The wine is a medium ruby red color. The very nice nose has blackberries, cherries, dried herbs, minerals, smoked meat, black pepper, and some forest floor. This has medium body, fairly solid tannins, and very nice acidity. On the nicely layered palate spicy fruit is joined by minerals and smoked meat with dried herbs and some earthiness coming in on the back end. The finish has very nice length and leans on the savory elements with the fruit providing a touch of sweetness in the background. This is drinking very nicely today but there is absolutely no need to drink these soon. (91 pts)
2009 Loring Wine Company Pinot Noir Santa Lucia Highlands – $24.00
To me, the Loring appellation wines are some of the biggest bargains available. I always grab at least a mixed case when these wines are offered. These are generally very good to outstanding California Pinot Noirs that cost under $25.
My philosophy on making wine is that the fruit is EVERYTHING. What happens in the vineyard determines the quality of the wine – I can’t make it better – I can only screw it up! That’s why I’m extremely picky when choosing vineyards to buy grapes from. Not only am I looking for the right soil, micro-climate, and clones, I’m also looking for a grower with the same passion and dedication to producing great wine that I have. In other words, a total Pinot Freak! My part in the vineyard equation is to throw heaping piles of money at the vineyard owners (so that they can limit yields and still make a profit) and then stay out of the way! Since most, if not all of the growers keep some fruit to make their own wine, I tell them to farm my acre(s) the same way they do theirs – since they’ll obviously be doing whatever is necessary to get the best possible fruit. One of the most important decisions made in the vineyard is when to pick. Some people go by the numbers (brix, pH, TA, etc) and some go by taste. Once again, I trust the decision to the vineyard people. The day they pick the fruit for their wine is the day I’m there with a truck to pick mine. Given this approach, the wine that I produce is as much a reflection of the vineyard owner as it is of my winemaking skills. I figure that I’m extending the concept of terroir a bit to include the vineyard owner/manager… but it seems to make sense to me. The added benefit is that I’ll be producing a wide variety of Pinots. It’d be boring if everything I made tasted the same.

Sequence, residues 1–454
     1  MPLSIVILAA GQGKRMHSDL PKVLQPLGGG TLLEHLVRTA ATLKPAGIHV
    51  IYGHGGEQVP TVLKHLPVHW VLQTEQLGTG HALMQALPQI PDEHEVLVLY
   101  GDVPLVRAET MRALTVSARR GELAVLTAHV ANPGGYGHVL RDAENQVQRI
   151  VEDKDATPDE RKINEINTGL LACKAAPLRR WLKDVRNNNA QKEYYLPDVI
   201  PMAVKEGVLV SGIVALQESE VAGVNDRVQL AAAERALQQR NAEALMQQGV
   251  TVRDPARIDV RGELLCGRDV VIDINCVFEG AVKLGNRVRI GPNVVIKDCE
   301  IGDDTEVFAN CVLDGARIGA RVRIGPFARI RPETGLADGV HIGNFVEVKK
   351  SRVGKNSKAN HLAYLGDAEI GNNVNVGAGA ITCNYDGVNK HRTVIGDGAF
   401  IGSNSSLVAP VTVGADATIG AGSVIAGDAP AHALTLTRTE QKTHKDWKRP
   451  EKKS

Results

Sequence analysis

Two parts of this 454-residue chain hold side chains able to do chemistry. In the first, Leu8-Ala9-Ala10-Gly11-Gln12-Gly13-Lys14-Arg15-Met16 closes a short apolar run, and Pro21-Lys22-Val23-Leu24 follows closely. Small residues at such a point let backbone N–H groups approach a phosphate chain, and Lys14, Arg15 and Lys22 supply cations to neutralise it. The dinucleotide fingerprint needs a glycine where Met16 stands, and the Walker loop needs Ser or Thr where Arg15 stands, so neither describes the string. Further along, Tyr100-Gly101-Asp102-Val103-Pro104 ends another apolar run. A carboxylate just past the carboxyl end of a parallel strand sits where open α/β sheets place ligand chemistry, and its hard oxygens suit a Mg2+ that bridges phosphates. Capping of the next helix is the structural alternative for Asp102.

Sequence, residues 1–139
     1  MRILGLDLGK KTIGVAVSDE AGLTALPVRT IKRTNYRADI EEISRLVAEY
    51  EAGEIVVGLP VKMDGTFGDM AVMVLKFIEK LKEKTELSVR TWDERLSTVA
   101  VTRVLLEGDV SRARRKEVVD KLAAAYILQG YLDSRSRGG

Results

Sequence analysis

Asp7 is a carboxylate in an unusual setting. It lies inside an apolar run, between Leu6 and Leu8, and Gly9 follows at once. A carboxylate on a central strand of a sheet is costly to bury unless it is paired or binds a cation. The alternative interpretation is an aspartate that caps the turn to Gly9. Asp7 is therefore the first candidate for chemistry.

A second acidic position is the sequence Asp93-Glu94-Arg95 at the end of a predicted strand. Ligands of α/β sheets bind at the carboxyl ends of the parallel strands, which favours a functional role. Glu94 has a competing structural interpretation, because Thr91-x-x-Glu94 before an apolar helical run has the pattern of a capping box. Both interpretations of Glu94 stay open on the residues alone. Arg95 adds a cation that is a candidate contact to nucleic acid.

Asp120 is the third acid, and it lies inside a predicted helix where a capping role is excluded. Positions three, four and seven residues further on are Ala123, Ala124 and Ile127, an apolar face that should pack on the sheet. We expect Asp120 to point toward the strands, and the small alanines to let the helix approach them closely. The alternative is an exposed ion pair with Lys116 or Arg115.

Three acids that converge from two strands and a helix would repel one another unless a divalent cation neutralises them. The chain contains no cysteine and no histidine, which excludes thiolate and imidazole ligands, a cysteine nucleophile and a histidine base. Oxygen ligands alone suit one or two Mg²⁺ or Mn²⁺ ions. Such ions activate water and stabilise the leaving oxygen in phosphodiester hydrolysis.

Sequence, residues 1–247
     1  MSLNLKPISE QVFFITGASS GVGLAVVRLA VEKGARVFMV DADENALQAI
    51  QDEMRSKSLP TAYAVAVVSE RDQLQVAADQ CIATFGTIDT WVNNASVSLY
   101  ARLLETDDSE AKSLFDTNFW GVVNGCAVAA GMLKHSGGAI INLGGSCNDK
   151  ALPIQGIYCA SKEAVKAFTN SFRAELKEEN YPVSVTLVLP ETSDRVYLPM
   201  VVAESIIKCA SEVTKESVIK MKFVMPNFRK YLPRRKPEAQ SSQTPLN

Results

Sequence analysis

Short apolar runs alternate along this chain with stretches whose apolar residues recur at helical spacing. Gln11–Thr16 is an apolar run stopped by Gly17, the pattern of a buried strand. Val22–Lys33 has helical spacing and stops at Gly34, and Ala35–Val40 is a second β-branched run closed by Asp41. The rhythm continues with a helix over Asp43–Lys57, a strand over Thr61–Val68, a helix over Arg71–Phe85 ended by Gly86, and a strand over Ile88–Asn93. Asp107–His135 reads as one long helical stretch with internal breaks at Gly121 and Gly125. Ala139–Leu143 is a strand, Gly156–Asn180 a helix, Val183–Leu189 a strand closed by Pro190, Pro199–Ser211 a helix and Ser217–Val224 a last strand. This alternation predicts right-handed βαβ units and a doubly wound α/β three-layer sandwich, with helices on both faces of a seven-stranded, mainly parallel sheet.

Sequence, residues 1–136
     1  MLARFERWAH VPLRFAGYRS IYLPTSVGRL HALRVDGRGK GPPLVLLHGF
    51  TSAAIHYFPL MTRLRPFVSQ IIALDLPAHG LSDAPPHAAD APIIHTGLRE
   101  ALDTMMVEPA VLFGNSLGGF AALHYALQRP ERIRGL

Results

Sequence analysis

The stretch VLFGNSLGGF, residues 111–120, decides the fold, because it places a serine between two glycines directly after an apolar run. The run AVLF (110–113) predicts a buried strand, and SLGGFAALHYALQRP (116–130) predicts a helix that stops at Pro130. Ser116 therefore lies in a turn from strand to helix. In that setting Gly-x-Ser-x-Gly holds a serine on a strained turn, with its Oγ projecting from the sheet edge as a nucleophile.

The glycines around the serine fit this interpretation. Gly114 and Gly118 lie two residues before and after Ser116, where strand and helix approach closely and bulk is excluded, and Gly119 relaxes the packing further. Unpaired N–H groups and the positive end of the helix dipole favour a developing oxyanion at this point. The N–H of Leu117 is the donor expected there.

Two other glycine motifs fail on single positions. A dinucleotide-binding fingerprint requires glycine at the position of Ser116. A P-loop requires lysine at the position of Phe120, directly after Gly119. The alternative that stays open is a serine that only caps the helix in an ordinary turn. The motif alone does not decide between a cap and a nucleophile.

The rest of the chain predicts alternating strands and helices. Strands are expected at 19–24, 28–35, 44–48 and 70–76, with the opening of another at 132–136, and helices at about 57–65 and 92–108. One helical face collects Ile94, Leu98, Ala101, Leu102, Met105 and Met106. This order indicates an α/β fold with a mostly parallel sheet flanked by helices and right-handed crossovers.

My Tasting Note
The wine is a deep ruby to garnet color. The very enticing nose has black cherries, baking spices, raspberries, minerals, white pepper, forest floor, and fresh wild flowers. This has medium to full body, silky tannins, and very nice acidity. On the fairly straight forward palate, spices and fruit kick off the show with white pepper and earthiness coming in on the back end. The finish is fairly long again highlighting the spicy fruit and some earthiness. The Loring appellation Pinot Noirs are some of the best values in the marketplace. (92 pts)
2007 Elyse Zinfandel A.K.A. – $20.00